Rating: 3.5/5 stars (Three And Half Stars)
Star cast: Randeep Hooda, Rani Mukerji, Saqib Saleem, Nawazuddin Siddiqui, Naman Jain, Ranveer Shorey
Director: Anurag Kashyap, Karan Johar, Zoya Akhtar, Dibakar Banerjee
What’s Good: The overwhelming romanticism of cinema and its stars that majorly weighs heavy all through the film.
What’s Bad: The film despite being independent works of sheer geniuses suffers from one major flaw. Celebrating the centenary year of Indian cinema, the link and relevance to the larger picture is hard to decipher.
Loo break: None
Watch or Not?: Bombay Talkies in each of its story is indeed magnum opus. While these gently framed short films are individually the few most unbeatable concepts of recent times, the film’s major pitfall is that the stories have no thematic link or relevance to the overall rationale. Despite the glitches, the ensemble film is indeed a must watch for Karan Johar’s powerful story, Dibakar Banerjee’s minute detailing, Zoya Akhtar’s technical prowess and Anurag Kashyap’s splendid script; with special emphasis on phenomenal performances from Rani Mukerji and Nawazuddin Siddiqui.
A sexually repressed wife and her successful husband’s subtle marital discordance is exposed in the open when a young homosexual boy, befriends the lady at work. The story which follows henceforth is heart breaking-ly spectacular.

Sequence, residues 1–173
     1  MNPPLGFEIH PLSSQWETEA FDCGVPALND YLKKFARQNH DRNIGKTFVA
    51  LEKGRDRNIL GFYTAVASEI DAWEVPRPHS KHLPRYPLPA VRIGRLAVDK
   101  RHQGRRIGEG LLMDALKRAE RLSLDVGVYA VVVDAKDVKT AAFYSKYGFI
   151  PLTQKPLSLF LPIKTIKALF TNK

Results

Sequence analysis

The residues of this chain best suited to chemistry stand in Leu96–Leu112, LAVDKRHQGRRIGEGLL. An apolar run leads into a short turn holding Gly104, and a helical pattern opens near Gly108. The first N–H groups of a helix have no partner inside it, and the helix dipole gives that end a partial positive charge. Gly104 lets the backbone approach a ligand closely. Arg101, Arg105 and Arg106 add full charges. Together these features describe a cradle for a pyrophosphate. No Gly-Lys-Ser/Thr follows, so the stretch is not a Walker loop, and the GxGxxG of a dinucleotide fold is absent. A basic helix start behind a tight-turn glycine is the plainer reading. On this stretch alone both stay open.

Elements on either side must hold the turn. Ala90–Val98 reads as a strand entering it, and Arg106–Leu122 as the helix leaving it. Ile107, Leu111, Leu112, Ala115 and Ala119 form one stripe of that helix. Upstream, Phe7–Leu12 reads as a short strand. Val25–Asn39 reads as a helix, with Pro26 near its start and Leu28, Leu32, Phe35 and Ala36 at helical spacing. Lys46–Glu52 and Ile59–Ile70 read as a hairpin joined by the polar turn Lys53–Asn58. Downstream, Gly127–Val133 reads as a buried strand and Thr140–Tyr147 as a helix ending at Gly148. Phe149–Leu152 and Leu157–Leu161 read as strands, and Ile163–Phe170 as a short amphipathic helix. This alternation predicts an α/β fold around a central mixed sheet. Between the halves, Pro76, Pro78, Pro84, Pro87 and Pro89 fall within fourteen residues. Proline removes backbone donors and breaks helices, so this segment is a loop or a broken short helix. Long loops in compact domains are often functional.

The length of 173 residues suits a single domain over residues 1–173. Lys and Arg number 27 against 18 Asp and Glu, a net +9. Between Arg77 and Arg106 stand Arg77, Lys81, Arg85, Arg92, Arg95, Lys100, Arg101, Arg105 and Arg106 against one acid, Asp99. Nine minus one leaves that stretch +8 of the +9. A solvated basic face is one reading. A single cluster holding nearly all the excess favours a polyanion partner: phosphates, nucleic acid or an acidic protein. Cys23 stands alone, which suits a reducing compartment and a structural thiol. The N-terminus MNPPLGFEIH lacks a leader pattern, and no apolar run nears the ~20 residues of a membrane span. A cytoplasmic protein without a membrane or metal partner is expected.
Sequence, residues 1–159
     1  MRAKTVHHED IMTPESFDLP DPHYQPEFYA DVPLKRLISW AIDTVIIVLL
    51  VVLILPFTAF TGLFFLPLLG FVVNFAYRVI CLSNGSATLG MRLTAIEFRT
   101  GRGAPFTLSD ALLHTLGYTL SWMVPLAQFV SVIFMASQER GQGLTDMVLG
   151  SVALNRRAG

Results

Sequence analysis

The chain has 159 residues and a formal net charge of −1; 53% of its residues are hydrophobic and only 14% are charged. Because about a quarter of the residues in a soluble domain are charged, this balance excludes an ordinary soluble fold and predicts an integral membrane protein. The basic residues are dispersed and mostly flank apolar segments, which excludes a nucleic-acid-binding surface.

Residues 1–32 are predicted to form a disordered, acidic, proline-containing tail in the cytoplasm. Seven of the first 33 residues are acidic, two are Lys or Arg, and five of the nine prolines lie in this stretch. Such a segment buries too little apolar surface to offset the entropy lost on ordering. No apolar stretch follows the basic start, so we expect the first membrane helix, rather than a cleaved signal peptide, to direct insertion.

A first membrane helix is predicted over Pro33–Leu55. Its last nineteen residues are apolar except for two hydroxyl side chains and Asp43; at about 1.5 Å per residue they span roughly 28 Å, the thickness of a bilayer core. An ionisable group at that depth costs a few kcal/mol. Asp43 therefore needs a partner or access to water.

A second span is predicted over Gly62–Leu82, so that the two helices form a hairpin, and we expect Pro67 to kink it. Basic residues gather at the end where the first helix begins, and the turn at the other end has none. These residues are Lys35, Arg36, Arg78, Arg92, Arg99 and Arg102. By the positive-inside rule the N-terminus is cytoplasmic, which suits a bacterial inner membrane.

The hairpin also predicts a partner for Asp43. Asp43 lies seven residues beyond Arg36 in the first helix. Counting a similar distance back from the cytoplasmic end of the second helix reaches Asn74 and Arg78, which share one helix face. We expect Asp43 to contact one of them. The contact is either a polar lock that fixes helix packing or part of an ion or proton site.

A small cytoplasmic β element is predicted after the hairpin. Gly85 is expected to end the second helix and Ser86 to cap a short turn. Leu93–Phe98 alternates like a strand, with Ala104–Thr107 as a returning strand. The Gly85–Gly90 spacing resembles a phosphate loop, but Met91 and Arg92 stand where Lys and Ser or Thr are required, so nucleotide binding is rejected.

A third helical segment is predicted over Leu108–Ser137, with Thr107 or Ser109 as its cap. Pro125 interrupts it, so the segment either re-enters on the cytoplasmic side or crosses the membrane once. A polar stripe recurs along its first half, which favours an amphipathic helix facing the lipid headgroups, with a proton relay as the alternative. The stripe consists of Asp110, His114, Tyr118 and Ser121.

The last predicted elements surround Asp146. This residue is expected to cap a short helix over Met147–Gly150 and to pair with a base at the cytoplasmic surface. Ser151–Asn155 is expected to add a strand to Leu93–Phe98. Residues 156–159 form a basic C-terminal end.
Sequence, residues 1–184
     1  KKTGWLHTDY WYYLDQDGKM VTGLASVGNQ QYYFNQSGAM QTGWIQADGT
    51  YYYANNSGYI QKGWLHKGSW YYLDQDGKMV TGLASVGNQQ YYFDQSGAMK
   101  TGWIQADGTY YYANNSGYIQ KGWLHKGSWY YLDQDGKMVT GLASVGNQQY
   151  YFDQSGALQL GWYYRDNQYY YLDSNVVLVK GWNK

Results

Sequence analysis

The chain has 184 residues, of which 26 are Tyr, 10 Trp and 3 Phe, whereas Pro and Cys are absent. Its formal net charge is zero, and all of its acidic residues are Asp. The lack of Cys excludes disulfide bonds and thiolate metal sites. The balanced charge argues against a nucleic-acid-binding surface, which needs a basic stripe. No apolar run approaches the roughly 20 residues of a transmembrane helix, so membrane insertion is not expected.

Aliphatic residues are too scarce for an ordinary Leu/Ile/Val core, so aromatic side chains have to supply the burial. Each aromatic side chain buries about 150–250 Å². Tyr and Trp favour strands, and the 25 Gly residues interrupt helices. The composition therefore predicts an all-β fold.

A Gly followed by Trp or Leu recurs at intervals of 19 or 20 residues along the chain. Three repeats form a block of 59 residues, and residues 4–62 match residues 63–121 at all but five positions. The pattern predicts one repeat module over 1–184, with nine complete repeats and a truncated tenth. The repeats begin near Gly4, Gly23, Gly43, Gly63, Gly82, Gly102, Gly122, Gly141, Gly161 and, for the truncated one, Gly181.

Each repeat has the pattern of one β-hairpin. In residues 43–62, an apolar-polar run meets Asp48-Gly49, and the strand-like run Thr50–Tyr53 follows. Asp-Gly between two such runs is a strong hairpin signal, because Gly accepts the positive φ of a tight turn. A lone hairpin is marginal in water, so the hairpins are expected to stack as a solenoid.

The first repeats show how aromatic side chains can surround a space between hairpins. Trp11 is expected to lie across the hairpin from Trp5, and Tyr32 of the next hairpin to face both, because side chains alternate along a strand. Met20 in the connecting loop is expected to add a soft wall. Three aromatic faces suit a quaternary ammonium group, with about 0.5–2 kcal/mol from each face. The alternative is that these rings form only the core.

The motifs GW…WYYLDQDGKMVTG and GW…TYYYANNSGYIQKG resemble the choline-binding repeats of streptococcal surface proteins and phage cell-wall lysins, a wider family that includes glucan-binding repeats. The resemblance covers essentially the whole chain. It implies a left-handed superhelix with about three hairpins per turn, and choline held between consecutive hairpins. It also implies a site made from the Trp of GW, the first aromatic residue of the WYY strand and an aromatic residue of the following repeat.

The second story heavily based on Satyajit Ray’s Patol Babu Filmstar is an emotional film where a man from a theatrical background, questions his caliber and aspirations. His motives are centered on becoming a hero for his little bedridden daughter whose only source of happiness is the stories of films her father narrates to her.
Zoya Akhtar’s film is perhaps the most relevant one of the lot. Battling an authoritarian parent, a small child is learning to nurture his dream of becoming Sheila from a world that emphasizes on a man’s need to be masculine.
The final story is a sweet little ode of a tale, where an ailing father send his son with Murabba from Allahabad to Mumbai , for Amitabh Bachchan. Dealing with India’s fixation with star mania, the film is a convincing plot that works on a multitude of metaphorical instances.
Bombay Talkies Review: Script Analysis
When there are four most talented new age film makers compiling an anthology film to celebrate a century of Indian cinema, it is natural for comparisons to arise. Personally, the most poignant story for me was Karan Johar’s. Dealing with the societal cringe on homosexuality, the film unravels how queer sexuality is mostly preferred hidden inside the closet of the social stamp of marriage. While the wife tries to pin point why isn’t she satiating enough for her husband, a young guy makes a married man realize his misplaced sexual tug. Working on a multitude of layers, this film is a standout for Karan Johar’s excessively honest plot; a rave quality the man often loses amidst the race for commercialism. This half an hour short film is by far Karan Johar’s best work!
Dibakar Banerjee’s film is an ultimate tribute to the genre of Ray’s cinema. Done meticulously, the film is almost replicable of Ray’s perfect sense of detailing, every nook and corner of the scene before it is translated on celluloid. This film scores mostly for Nawazuddin Siddiqui’s brilliant ability to lure the audience’s attention to the film’s centrifugal emotional point. Indeed the most riveting performance of the film that will compel a round of applause from you.